She's sticking to her guns as weaker, more careless Russian banks are going under and Russia's banking sector is being consolidated around the more conservative larger institutions
Why Russian Central Bank’s chief Elvira Nabiullina deserves title of the best central banker she got in 2015? Why, because she sticks to her stated objectives and goes on even in challenging conditions.
When Nabiullina came to office, Russian banking system was besieged by underperforming and weak banks - mostly at the bottom of banking sector rankings, but with some at the very top too (see ongoing VEB saga here http://trueeconomics.blogspot.ie/2016/01/1116-another-veb-update-things-are.html). And she promised a thorough clean up of the sector. I wrote about that before (see Link 1 and Link 2).
But times have been tough for such reforms, amidst credit tightening, rising arrears and economic crisis. Again, majority of the problems are within the lower tier banks, but numbers of loss-making institutions has been climbing over 2015. January-November 2015 data shows that almost 30% of Russian banks are running operating losses and overdue loans have risen by nearly 50% to RUB2.63 trillion. Still, this constitutes less than 7 percent of total credit outstanding.
Stressed (but not necessarily overdue) loans rose from 7 percent of total credit in January 2015 to 8 percent at the end of December 2015. Notably, both stressed and overdue loans numbers are surprisingly low. And on another positive side, bank’s own capital to assets ratio averaged 13 percent. The aggregate numbers conceal quite some variation within the banking sector, as noted by Bofit: “At the beginning of November, 129 banks had equity ratios below 12%. Large deficiencies in calculating the capital have come to light in several bank insolvencies.”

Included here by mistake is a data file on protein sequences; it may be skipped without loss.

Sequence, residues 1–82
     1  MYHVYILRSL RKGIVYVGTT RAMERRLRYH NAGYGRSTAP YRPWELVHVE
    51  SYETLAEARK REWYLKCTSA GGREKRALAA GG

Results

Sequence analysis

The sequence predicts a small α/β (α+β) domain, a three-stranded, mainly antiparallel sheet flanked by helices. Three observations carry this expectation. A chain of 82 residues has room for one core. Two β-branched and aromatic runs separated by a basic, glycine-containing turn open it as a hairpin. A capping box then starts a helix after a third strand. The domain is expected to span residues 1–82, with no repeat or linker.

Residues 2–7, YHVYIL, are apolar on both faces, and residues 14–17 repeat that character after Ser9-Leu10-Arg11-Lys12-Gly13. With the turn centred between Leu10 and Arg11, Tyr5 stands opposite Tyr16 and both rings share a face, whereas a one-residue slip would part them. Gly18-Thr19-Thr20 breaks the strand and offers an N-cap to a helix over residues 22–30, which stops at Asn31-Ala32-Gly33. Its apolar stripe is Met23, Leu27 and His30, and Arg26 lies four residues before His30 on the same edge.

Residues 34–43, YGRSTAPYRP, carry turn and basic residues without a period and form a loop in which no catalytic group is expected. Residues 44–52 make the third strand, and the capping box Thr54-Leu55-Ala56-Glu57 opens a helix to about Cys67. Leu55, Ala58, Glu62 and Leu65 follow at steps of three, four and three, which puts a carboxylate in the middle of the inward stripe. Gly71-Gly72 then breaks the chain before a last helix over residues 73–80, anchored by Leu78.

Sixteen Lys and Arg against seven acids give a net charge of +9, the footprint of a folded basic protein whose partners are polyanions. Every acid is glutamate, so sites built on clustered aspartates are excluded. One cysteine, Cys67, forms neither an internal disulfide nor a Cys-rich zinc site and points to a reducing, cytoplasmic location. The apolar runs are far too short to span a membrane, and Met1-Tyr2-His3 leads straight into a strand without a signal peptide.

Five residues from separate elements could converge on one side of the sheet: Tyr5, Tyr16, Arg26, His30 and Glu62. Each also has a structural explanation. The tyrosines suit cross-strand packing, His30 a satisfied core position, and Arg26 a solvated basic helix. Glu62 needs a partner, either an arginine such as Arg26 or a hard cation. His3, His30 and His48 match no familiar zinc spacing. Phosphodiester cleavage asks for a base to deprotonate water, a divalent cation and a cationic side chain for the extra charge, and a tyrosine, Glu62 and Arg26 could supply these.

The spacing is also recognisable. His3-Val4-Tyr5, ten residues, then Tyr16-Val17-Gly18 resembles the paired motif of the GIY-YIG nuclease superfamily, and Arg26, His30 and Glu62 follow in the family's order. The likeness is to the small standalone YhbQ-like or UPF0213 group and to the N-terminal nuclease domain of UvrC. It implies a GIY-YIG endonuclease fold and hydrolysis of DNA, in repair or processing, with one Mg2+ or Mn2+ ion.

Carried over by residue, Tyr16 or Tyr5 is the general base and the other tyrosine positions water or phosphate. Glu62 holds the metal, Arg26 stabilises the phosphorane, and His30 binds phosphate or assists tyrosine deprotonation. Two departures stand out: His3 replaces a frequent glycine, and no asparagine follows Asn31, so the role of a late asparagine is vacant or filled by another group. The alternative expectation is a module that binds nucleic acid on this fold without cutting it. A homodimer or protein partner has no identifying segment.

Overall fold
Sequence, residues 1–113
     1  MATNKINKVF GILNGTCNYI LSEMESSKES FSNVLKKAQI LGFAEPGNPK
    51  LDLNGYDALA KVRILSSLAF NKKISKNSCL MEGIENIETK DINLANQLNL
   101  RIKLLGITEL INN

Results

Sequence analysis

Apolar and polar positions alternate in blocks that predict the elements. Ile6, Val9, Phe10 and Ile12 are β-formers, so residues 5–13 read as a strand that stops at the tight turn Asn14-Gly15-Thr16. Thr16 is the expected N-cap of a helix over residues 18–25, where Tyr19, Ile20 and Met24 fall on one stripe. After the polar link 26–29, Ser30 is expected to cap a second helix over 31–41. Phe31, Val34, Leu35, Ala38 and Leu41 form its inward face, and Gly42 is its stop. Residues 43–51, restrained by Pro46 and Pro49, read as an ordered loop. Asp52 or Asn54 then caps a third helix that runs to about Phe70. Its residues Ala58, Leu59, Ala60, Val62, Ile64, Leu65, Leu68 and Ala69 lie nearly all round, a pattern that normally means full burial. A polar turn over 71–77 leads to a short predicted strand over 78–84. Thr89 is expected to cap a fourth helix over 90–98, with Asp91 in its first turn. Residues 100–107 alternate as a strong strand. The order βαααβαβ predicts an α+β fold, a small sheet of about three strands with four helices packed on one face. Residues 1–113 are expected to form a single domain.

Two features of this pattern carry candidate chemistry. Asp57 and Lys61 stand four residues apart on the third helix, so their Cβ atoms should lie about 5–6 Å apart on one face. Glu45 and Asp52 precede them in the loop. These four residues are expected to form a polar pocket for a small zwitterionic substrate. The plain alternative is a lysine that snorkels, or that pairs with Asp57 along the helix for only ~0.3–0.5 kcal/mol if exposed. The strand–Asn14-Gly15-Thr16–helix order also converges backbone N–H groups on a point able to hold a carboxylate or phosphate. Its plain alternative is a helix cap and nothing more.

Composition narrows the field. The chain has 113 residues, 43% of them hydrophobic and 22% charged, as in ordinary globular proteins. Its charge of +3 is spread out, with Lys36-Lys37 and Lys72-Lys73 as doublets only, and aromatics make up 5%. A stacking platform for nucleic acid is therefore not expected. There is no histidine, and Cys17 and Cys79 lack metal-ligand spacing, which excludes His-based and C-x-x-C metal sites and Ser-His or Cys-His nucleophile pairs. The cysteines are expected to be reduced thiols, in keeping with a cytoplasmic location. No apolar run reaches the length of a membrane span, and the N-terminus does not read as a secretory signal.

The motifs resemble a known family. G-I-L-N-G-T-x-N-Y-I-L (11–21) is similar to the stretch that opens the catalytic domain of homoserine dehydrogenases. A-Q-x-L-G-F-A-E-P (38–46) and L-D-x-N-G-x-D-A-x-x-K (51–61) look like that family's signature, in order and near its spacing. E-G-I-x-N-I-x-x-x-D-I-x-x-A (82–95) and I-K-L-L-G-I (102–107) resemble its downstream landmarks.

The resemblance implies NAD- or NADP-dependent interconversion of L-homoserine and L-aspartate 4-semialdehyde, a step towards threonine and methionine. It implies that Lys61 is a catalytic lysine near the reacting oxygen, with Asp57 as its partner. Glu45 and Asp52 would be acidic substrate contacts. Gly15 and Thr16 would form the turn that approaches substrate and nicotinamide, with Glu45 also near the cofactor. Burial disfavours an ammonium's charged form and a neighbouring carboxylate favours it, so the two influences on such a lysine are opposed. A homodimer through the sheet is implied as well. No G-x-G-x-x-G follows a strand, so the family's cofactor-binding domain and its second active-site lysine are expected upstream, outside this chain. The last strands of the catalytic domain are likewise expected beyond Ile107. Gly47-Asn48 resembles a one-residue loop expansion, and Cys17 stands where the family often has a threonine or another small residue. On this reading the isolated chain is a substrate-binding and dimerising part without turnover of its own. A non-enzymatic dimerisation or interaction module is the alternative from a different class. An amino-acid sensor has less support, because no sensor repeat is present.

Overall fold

Amidst this toughening of trading conditions, CBR continued to push our weaker banks from the market. Over 2015, 93 banks lost their licenses, almost the same number as in 18 months prior with just 740 banks left trading the market as of December 2015. As the result, banking sector concentration rose, with 20 largest banks now holding 75 percent share of the market by assets. In January-October 2015, some 600,000 depositors in Russian banks were moved from banks losing licenses to functioning banks, per report here.
Chart from Bofit illustrates the trends in terms of banking licenses revoked:
Overall, this is good news. Russian banking system evolved - prior to 2009 - into a trilateral system of banks, including strong larger (universal) banks, medium-sized specialist and foreign banks with retail exposures, weak and sizeable fringe of smaller institutions, often linked to industrial holding companies.
Aside from VEB - which officially is not a bank - larger banks are operating in tough conditions, but remain relatively robust. Smaller banks, however, having relied in previous years on higher risk consumer credit and holding, often, lower quality capital, have been impacted by the crisis and by the lack of liquidity. Shutting these operations down and consolidating the smaller banks' fringe is something that Russian needs anyway.
Source: True Economics